JUDGE AND BE JUDGED.
DOES IT REALLY HAVE TO COME TO THIS?
Have we closed the generation gap yet? From my observation, it seems we simply stopped talking about it. By the end of 2019, many Millennials probably started feeling like a controversial politician hoping for a change in the news cycle.
Sure enough, the topic had worn itself out just as we shifted gears into a pandemic, racial tensions and political strife.
Just because the subject matter got bumped for more critical priorities doesn’t mean the issue went away. It seems to have simply changed forms. What was once a chronic and acute frustration has become more of a silent resignation.
Remaining are scattered mutterings or overt body language.
“What happened to the concept of loyalty?”
“Does anyone ever work around here?”
“Where is everyone?!”
Ah, the silent sounds of familiar condescension. Perfect examples of the damaging judgments rippling through the atmosphere in various expressions. A generation of leaders airing their confusion and disapproval of the work styles and habits of another generation of employees.
Which typically provokes silent retorts:
“Does he really think I’m not working just because he can’t see me?!”
“I don’t want to be you. I’m not sacrificing my life over this job.”
“Maybe if you worked on building our relationship, we’d have one.”
Few are actually having these conversations anywhere outside of their heads, but the conversations are real. Or maybe these are just my experiences with others . . .
According to a Deloitte study, in three years Millennials will comprise 75% of the global workforce. Nevertheless, from my experience as a coach and consultant, generational conflict in the workplace isn’t about work ethic, contrary to what many leaders may believe.
Filling the gap asks us to be open to the perspectives, values and convictions of each other when we feel an instinctive tendency to judge them.
Chances are, you as a leader have been bred into different beliefs than the individuals on your team because you were born in another space and time. These variants can cause communication breakdown, negative assumptions and the erosion of trust – without you even knowing it.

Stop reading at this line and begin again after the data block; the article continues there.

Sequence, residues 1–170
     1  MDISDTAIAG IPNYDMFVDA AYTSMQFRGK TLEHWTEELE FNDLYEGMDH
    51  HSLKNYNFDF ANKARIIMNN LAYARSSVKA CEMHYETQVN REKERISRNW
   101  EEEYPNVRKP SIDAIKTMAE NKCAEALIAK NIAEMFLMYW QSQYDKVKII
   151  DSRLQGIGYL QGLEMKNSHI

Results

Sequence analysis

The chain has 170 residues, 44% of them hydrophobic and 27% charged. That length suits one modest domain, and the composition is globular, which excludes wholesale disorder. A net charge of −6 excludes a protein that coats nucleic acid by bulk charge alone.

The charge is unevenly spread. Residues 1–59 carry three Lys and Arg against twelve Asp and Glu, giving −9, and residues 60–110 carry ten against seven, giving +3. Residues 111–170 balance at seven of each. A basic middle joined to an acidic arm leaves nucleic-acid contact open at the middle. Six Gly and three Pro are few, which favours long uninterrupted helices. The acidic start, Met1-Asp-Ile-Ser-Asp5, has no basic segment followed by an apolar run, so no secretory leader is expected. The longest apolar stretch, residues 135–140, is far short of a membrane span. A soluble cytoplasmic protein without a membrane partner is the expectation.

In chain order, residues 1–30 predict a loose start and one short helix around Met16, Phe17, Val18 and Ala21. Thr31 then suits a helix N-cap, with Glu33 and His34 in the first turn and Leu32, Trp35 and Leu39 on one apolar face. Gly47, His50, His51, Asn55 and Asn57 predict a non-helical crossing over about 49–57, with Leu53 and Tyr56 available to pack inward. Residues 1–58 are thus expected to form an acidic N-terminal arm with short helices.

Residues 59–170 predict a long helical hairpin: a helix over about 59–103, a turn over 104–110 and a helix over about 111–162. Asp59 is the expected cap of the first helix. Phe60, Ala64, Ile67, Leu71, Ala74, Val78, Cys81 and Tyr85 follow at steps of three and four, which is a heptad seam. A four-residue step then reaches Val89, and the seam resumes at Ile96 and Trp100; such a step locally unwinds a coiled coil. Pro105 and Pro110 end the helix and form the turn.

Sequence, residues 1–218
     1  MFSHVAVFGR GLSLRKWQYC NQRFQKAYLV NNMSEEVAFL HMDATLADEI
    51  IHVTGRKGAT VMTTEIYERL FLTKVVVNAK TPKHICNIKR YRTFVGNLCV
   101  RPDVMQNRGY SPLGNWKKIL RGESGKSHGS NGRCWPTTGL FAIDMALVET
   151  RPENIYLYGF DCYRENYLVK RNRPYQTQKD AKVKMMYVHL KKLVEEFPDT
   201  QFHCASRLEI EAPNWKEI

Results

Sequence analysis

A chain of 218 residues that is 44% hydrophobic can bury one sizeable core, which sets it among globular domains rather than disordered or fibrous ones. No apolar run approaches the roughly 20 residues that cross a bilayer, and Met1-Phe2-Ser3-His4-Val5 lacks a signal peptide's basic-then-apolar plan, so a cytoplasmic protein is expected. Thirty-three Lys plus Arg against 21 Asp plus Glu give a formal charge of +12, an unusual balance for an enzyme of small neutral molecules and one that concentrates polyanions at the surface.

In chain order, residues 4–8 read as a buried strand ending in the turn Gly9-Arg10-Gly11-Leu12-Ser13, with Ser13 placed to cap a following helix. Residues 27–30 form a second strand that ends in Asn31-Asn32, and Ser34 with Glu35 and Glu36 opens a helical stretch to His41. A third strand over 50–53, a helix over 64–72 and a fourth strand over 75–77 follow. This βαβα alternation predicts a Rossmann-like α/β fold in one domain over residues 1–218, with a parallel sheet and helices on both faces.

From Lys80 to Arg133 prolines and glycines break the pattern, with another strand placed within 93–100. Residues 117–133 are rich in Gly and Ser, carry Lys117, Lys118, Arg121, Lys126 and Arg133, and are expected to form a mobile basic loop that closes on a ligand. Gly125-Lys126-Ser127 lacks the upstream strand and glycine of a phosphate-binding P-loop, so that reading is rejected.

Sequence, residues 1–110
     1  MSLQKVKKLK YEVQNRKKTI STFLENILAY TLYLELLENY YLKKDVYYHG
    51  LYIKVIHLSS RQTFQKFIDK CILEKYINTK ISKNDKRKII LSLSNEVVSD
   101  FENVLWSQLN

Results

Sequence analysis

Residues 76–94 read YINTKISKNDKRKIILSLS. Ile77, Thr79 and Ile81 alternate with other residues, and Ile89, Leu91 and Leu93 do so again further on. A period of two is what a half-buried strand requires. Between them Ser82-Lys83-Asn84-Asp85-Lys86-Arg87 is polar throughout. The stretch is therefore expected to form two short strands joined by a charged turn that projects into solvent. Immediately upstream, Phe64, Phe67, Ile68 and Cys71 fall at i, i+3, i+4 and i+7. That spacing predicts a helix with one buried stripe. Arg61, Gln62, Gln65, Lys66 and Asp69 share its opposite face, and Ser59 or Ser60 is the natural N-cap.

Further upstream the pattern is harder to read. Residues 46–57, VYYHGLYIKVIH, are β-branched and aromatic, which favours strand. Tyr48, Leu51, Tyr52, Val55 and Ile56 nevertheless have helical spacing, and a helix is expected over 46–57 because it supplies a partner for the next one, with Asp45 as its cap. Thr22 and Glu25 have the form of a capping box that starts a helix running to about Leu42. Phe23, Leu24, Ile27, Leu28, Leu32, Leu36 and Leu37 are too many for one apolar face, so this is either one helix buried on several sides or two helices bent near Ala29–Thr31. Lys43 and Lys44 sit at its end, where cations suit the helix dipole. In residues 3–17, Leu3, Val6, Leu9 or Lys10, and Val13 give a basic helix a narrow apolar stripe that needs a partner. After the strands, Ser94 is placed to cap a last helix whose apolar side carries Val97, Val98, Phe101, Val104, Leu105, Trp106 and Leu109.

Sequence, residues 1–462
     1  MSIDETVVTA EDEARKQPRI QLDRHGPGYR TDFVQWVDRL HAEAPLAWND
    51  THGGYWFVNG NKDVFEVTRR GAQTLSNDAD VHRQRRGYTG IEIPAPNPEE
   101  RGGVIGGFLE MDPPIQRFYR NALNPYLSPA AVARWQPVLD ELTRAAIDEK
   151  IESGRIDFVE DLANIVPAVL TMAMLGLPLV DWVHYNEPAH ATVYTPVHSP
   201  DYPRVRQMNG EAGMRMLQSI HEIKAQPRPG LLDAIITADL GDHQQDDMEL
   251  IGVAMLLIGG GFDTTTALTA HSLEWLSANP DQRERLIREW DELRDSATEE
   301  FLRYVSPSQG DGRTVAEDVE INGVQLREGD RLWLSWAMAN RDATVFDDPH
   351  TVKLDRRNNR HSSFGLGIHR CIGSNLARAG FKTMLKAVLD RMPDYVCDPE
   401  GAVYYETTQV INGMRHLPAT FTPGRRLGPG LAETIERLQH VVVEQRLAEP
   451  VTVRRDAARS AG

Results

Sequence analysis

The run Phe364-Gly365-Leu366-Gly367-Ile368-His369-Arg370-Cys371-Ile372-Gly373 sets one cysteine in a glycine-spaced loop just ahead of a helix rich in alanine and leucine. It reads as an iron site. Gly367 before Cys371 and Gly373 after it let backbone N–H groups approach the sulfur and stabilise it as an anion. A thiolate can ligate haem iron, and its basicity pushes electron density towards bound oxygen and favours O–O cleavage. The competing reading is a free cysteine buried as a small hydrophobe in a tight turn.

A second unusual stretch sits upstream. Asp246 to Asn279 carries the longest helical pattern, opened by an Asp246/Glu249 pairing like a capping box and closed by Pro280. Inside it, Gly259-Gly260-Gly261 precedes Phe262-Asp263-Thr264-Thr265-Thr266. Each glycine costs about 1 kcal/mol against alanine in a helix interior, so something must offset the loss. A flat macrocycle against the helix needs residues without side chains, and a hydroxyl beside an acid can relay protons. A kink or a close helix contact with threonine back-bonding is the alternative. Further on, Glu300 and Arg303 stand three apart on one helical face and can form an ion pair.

Perhaps we’ve identified another opportunity to develop and apply compassionate logic and empathy skills.
There are academic experts who can tell us the nuances of each generation, the origin of their attitudes and the rationale behind it. My alma mater, Purdue University, provides a helpful infographic for this purpose. This tool can come in handy if you ever need to quickly pivot out of a negative reaction to what someone of another generation said or did.
Educating ourselves about others can neutralize the negative emotions we feel when we disagree with the way they operate.
The generation gap isn’t the only gap we all need to strive to fill in the workplace. Still, it can be a good place to start. If you want to strengthen your culture, revisiting any negative verdicts regarding generational differences can make a big, positive impact.
To guide you through the next time you catch yourself labeling someone on your team, ask yourself the following*:
Why do I feel this way about the person?
How or why might the person’s perspective differ from mine?
Why do I feel so strongly and so negatively about the person’s perspective?
What damage might I be causing by taking this position?
Why would it be beneficial for me to try to approach this person more productively?
Am I willing to drop the label so I can see them through a more positive lens and approach them differently?
*Refer to your generational cheat sheet for help when necessary.
These can be tough questions if we are not willing to look within ourselves for answers.
Remember, your team is counting on you, as their leader, to provide a safe environment to communicate openly. If you are judging or labeling any of them, certainly they will be judging and labeling you. And that, my friend, is not necessarily bad karma. It is the making of a dysfunctional team.
And I know that is not at all your intention. It never is. Think of it as an unintended consequence of habit.
Even great leaders err. At some time or another, we all inadvertently make wrong turns in our thinking. We are all only human. That’s not an excuse to continue weak thinking and bad behaviors. It is a reason to forgive ourselves and each other – and do better next time. Let your ambitions rise higher as you strive to be the best leader you can be.
As always, you got this. I absolutely believe in you.